A group is its own worst enemy

Lots of people and companies want to know how to put together a great online community. Or scale an existing one way up. Not as many people consider what happens when a community goes bad. This was the topic of a great presentation by Chris Tolles at SXSW called When Communities Attack.

Here are a few points I found interesting.

The tone in discussion forums gets more friendly if posts are geotagged. The rationale, while not proven, is that a degree of anonymity is lost this way and that no one wants to associate a shameful post with their vicinity (or perhaps even suffer being located).

Lots of people have “conversations” with themselves in online communities using alternate screen names to establish credibility.

The word for the non-machine-readable letter grid that is often required for users to input to validate themselves is called a “captcha”. Didn’t know that.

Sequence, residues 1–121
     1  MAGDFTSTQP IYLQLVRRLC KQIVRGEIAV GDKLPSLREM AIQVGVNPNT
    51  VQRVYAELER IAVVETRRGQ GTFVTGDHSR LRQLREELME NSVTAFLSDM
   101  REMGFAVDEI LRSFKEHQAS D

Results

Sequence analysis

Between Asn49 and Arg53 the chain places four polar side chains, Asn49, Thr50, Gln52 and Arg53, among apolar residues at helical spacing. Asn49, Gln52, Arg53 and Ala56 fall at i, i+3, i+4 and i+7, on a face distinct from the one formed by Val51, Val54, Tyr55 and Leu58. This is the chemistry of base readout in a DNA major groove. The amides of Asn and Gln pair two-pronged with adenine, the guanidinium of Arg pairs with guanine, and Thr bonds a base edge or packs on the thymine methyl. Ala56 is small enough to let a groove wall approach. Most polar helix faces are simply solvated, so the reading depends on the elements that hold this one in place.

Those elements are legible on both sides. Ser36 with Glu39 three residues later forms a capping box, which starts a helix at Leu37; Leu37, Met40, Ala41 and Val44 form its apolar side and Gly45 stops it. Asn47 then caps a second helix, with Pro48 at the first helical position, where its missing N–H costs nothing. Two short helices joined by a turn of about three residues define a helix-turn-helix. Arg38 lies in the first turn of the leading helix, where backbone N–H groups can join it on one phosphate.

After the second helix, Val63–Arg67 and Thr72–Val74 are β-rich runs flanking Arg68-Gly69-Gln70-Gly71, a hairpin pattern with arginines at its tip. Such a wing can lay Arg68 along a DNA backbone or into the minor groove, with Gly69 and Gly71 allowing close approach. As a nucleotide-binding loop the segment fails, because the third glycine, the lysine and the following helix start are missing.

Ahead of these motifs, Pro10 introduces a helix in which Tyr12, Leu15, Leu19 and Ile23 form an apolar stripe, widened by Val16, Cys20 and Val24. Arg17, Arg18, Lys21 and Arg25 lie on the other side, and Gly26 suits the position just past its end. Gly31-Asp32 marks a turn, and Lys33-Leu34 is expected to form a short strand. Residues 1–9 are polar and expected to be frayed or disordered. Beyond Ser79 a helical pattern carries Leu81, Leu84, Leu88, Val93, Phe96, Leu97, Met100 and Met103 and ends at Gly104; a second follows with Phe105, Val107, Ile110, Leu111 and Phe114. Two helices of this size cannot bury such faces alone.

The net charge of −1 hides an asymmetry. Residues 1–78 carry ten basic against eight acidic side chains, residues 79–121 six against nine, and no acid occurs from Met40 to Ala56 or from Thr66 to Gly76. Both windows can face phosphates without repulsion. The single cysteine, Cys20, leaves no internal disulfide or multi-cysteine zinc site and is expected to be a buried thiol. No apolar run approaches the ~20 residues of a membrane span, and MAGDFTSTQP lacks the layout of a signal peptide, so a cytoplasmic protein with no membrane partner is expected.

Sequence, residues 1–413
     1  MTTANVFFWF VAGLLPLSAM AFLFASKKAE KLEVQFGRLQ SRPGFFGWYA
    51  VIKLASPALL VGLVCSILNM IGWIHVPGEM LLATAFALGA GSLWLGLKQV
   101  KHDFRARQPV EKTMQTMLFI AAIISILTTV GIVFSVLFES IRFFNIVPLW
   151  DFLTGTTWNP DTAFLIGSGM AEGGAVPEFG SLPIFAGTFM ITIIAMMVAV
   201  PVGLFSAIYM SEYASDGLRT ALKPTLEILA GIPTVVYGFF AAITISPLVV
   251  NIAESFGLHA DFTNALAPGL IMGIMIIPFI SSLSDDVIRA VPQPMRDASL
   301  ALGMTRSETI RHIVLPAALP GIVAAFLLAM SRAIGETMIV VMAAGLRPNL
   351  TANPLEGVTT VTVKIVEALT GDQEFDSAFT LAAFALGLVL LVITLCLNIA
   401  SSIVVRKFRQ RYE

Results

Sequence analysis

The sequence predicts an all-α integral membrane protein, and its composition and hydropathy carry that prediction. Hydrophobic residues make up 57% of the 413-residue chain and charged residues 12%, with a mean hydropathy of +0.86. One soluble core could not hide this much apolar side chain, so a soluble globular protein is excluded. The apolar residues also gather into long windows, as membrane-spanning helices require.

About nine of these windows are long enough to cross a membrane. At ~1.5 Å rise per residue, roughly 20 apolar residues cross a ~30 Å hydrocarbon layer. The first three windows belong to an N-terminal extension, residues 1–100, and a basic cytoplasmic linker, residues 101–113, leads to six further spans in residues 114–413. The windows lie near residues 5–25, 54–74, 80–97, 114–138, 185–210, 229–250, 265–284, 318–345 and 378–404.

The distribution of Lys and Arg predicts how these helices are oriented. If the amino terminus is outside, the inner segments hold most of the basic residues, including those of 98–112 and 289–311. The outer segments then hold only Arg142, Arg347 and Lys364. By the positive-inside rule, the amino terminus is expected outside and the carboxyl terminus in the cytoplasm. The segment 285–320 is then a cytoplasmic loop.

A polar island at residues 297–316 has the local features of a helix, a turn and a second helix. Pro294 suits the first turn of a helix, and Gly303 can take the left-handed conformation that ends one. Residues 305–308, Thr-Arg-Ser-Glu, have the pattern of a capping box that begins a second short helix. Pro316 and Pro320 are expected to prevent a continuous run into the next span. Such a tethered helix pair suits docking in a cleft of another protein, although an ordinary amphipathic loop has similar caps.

Registration often works against decorum by keeping out good posters who prefer anonymity and by encouraging flamers since registration implies that this community has something good going on inside of it.

I’ve been noodling on this question from a different panel, called Bridging the Online Cultural Divide, since Austin:

Do social networks conjoin communities — i.e., technology facilitates connection where it could not be accomplished before — or does it merely create closed communities by allowing like-minded folks to cohere and separate from the ‘others’? Put another way, is a social network inherently based on segregation or inclusion?

Post title from this great paper by Clay Shirky.

That’s it for recaps of SXSW. Back to the other stuff …